At the end of July, Congress passed the Consumer Product Safety Commission Reform Act which, if signed by President Bush, will create first-ever national standards for the toxic chemicals lead and phthalates in children’s products.
Phthalates are compounds used in making plastics and are found in many baby bottles, toys and teethers. The additive has been cited in a number of scientific studies as an agent in disrupting normal reproduction and development when ingested by humans. The bill specifies phthalates as “a banned hazardous substance under the Federal Hazardous Substances Act” and “prohibits certain alternatives to those phthalates,” according to the Congressional Record.
A bill passed in May by the Minnesota Legislature would have put a similar ban state wide on the use of phthalates in products manufactured for infants and small children, but was vetoed by Governor Pawlenty. The governor’s veto statement claimed the state prohibition was not “based…science,” and cited a state prohibition as not being “based on established science” and based on reassessment of a ban being carried out by the European Union because the toxicity of Bisphenol A (BPA), another plastics additive whose effects have been closely associated with phthalates.
In a report released this month, the European Food Safety Authority (EFSA) minimized safety concerns over BPA, stating that the human body metabolizes the substance when ingested in low doses. But environmentalists and food safety activists like David Azoulay of Friends of the Earth Europe have criticized EFSA, saying the agency ignored overwhelming scientific evidence.
“A panel which lacks the necessary expertise and impartiality is saying it knows better than specialists on the substance who are calling for a precautionary approach,” said Azoulay in London’s “Daily Mail.”
In April, the Canadian government banned the on the substance who are calling for a precautionary approach,” said Azoulay in London’s “Daily Mail.”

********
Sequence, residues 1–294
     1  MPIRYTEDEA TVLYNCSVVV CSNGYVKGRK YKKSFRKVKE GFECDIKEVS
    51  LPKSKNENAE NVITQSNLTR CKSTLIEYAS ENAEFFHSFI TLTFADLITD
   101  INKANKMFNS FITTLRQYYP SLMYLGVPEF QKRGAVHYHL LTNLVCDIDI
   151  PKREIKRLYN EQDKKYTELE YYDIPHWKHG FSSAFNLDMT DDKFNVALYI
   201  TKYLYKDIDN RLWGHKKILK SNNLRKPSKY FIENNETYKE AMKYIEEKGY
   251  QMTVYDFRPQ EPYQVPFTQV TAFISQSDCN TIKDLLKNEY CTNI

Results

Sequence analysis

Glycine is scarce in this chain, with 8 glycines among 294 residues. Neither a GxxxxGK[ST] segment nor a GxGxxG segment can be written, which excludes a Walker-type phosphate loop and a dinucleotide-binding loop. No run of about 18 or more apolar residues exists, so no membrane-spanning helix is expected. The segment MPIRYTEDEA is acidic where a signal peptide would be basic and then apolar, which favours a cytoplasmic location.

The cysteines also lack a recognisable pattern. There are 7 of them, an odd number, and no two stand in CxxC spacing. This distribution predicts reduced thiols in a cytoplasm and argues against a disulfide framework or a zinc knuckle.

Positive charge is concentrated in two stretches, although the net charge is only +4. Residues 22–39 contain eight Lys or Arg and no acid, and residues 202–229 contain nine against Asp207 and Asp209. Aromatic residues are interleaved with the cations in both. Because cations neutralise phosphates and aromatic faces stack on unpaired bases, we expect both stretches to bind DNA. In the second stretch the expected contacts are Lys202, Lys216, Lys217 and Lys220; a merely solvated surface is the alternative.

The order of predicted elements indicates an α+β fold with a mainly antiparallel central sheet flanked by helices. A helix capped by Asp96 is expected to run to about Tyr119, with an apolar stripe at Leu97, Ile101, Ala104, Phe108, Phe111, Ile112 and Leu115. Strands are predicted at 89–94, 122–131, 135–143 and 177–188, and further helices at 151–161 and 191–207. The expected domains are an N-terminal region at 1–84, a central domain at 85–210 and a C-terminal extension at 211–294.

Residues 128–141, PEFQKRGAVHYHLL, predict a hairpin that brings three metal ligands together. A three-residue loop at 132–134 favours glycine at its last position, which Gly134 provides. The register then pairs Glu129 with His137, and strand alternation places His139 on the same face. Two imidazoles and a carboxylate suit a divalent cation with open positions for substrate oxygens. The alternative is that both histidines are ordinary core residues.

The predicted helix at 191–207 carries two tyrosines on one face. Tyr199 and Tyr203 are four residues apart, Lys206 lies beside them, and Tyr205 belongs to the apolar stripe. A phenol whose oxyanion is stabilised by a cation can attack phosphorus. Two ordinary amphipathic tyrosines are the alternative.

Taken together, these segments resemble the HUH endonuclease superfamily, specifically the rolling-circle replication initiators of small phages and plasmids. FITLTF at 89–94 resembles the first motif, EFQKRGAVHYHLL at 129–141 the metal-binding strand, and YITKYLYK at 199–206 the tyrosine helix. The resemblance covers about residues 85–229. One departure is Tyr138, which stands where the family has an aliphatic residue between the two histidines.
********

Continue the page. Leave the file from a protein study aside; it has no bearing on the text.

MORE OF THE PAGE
In April, the Canadian government banned the sale of baby bottles containing BPA, leading some stores here in America to take them off shelves. Retailers and manufacturers, including Wal-Mart, Toys-R-Us, Lego, Evenflo and Gerber, have all announced plans to phase out phthalates.
Pressure by the plastics industry here in America to downplay certain scientific studies that warn against the negative health effects of BPA and phthalates and to lobby against laws that would restrict their use has been intense. According to figures from plastics industry trade association the American Chemistry Council (ACC), Minnesota had 25,000 plastics industry jobs and plastics shipments totaling $6.3 billion in 2006. That same year, again citing its own figures, the ACC spent $2,886,938 lobbying for chemical and related manufacturing. According to Healthy Legacy, a state consumer group, Exxon Mobil has spent millions of dollars lobbying against the federal bill in an effort to protect its phthalate market.
“This is historic legislation that will protect the safety of our children, and it is long past time to get these toxic toys off our shores and out of our stores,” said U.S. Sen. Amy Klobuchar (D-MN) in a prepared statement made after Congress’ ban was sent to the President. Klobuchar testified before the bill’s conference committee and before the full Senate in its debate. Rep. Keith Ellison also signed on as a co-sponsor when the bill was first introduced last year.
“This marks an important shift to a precautionary approach to protecting children’s health,” said Minnesota Sen. Sandy Rummel (DFL-White Bear Lake), chief author of the Minnesota phthalate legislation, in a statement released by Healthy Legacy. “This is the right way to move ahead to achieve comprehensive reform of our nation’s out-of-date system for regulating chemicals in consumer products,” Rummel said.